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JCB DIESELMAX takes Bonneville Diesel Speed Record to 317mph

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August 21, 2006

JCB DIESELMAX takes Bonneville Diesel Speed Record to 317mph

JCB DIESELMAX takes Bonneville Diesel Speed Record to 317mph

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August 22, 2006 The international diesel land-speed record for diesel-powered vehicles moved a step closer last week as the JCB DIESELMAX broke the Bonneville Salt Flats course record with a measured-mile speed of 317mph. Having already achieved a recorded average speed over a measured mile of 308mph in the late afternoon of Thursday 17 August, the JCB DIESELMAX needed to complete a second run within a twenty four hour period at least matching this speed in order to take the record. On Friday, the second run was completed successfully achieving a speed of 325mph. The average speed of the two runs was thus recorded as 317.021mph, thus establishing the JCB DIESELMAX as the fastest-ever diesel over the Bonneville course.

“Establishing a new Bonneville course record in excess of 300mph is a major achievement for the team and demonstrates the power and capability both of the vehicle and its Ricardo-developed JCB444-LSR engines”, said Ian Penny, Ricardo director of diesel engineering. “We have every confidence that the JCB DIESELMAX has the capability to take the official international FIA record in the next few days and the Ricardo engineering team on site at Bonneville will be working flat out to ensure that the engines they have developed will perform to their full potential”.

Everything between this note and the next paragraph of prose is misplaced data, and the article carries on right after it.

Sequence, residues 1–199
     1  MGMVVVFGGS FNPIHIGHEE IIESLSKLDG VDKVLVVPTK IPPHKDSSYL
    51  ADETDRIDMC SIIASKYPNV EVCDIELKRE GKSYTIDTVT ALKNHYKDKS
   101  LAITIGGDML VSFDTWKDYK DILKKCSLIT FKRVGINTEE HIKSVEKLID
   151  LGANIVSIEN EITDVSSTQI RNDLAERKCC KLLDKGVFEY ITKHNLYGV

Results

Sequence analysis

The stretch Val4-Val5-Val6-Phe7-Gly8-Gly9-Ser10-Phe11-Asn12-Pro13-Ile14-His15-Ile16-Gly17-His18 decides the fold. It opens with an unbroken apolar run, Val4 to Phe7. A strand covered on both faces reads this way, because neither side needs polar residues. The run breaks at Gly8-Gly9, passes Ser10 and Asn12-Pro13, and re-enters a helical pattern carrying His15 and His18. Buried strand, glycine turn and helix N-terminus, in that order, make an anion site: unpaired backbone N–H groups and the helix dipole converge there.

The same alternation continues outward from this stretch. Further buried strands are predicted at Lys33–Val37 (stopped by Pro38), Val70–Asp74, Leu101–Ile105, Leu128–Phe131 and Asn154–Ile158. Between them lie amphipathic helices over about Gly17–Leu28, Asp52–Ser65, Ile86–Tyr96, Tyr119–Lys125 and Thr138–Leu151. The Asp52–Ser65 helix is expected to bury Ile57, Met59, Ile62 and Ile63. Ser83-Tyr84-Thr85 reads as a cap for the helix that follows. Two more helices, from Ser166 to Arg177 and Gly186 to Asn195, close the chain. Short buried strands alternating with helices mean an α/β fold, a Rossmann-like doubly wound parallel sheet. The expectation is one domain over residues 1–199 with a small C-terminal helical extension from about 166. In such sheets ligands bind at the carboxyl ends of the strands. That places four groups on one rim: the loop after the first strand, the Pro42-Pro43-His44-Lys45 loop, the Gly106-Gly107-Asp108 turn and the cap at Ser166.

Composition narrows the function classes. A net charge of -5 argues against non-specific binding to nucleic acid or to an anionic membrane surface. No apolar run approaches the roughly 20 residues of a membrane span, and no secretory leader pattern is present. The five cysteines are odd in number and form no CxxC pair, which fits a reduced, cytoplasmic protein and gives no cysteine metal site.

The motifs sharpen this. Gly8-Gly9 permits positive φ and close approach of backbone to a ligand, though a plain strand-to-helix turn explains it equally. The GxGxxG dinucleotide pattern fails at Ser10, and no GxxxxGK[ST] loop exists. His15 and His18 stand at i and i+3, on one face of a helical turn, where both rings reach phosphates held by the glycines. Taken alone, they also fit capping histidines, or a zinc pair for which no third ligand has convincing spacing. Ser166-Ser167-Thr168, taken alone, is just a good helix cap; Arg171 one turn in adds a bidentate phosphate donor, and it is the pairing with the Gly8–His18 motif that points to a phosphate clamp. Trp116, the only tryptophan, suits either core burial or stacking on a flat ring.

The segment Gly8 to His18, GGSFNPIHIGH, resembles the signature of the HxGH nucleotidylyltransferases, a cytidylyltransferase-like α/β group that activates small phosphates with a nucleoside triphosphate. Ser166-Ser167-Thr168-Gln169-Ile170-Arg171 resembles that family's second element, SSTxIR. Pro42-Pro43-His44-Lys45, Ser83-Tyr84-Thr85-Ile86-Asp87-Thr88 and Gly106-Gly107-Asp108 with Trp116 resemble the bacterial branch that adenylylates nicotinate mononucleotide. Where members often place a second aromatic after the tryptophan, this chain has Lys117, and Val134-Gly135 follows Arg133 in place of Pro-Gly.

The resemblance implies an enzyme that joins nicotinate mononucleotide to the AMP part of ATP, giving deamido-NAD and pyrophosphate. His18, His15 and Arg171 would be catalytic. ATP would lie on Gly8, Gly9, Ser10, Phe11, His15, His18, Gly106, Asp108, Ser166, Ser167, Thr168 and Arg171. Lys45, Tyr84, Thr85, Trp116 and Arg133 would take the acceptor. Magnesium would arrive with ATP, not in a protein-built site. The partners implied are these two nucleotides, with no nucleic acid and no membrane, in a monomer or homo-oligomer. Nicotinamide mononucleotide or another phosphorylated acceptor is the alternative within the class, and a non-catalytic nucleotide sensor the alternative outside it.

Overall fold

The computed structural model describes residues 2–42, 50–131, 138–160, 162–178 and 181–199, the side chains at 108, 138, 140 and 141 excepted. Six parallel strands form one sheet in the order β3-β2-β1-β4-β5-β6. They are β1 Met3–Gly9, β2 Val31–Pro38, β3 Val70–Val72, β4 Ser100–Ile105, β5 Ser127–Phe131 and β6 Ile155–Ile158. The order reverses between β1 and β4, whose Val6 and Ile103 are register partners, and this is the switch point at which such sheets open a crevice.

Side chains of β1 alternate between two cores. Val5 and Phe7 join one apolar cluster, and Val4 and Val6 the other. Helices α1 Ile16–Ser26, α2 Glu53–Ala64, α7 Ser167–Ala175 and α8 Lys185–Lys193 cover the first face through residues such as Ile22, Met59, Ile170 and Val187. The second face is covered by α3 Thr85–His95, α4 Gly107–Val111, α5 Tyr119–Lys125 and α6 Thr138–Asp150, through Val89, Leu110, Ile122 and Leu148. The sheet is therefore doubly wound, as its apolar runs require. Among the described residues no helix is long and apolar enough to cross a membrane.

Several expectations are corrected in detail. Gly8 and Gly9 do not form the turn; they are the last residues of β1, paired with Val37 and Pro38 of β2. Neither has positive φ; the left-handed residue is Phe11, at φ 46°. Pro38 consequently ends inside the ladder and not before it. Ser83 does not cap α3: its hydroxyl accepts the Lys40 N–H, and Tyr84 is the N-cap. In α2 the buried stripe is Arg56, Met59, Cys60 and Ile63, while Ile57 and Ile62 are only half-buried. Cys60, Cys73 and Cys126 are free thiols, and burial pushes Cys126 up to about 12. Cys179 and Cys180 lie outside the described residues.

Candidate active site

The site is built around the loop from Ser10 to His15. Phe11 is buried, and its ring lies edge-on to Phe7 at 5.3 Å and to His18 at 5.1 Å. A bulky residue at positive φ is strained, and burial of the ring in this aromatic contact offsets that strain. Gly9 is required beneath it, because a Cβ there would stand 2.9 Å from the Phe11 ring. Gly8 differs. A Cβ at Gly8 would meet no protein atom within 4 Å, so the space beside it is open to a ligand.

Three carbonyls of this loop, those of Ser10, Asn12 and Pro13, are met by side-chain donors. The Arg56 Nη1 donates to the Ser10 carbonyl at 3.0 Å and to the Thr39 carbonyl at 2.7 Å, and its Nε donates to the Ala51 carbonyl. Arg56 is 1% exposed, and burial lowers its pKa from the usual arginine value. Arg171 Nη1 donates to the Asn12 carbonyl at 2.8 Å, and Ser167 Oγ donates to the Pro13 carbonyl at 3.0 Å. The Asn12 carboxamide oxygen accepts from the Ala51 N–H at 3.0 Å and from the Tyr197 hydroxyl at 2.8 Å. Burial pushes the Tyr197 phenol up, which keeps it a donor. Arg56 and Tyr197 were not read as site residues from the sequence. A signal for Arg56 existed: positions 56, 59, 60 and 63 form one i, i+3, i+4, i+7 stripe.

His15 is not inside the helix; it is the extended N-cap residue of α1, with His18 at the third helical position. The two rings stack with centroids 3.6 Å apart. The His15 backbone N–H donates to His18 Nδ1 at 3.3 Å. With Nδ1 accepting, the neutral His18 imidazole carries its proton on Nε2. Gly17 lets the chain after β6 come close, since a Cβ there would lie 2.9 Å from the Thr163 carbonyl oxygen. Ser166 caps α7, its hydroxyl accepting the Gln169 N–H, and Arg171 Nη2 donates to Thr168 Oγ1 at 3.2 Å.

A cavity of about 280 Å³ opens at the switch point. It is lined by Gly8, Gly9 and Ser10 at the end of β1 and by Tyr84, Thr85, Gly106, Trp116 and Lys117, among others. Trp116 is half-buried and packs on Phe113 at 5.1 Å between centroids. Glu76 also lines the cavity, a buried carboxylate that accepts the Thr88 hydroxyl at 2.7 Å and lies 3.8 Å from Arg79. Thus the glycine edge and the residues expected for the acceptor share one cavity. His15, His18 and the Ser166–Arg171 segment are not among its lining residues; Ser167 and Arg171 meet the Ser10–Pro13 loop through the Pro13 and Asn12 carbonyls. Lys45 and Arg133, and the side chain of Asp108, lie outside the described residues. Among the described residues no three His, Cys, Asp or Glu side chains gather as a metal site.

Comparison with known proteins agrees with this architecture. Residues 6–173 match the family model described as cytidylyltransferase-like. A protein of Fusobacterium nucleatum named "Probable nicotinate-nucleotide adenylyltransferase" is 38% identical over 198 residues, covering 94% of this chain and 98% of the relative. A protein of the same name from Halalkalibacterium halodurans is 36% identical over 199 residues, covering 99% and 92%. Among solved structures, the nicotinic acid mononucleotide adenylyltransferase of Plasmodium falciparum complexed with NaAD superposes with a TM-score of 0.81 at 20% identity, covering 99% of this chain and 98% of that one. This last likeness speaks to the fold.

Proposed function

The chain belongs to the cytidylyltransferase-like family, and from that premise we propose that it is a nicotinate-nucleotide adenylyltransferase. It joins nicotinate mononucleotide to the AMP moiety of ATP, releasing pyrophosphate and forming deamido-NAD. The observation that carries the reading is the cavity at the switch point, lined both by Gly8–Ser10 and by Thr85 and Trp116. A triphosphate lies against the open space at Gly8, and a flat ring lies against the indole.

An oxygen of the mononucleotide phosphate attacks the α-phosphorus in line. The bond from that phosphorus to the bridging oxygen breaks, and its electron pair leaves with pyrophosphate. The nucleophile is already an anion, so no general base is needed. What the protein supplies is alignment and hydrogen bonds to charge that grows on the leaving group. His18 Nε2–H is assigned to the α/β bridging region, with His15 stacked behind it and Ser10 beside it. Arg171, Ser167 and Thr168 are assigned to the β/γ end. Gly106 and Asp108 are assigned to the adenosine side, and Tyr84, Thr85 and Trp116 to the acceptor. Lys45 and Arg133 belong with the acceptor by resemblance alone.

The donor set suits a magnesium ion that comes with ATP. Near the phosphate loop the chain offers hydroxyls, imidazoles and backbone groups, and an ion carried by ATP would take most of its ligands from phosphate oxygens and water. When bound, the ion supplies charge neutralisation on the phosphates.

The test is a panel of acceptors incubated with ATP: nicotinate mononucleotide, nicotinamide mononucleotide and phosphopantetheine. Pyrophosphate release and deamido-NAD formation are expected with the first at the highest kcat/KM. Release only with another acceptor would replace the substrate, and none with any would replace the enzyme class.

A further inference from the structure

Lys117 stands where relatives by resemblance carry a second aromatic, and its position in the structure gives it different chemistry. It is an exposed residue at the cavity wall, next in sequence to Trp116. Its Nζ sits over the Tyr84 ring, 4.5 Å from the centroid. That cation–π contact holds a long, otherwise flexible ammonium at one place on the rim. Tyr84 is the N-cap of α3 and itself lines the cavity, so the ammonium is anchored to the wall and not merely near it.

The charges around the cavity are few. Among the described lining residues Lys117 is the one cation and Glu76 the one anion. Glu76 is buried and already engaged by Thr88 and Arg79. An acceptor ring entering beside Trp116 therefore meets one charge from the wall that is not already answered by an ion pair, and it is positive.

Having achieved the course record, the JCB DIESELMAX team will now prepare the vehicle for its official FIA record attempt. This will entail the replacement of the engines with two new units which have been certified and sealed by FIA inspectors at Ricardo’s Shoreham Technical Centre prior to shipment to Bonneville.

For the record attempt the JCB DIESELMAX will need to complete two runs within the space of one hour from entry of the measured mile on the first run to exit on the second.

About the Author
Mike Hanlon After Editing or Managing over 50 print publications primarily in the role of a Magazine Doctor, Mike embraced the internet full-time in 1995 and became a "start-up all-rounder" – quite a few start-ups later, he founded Gizmag in 2002. Now he can write again.   All articles by Mike Hanlon
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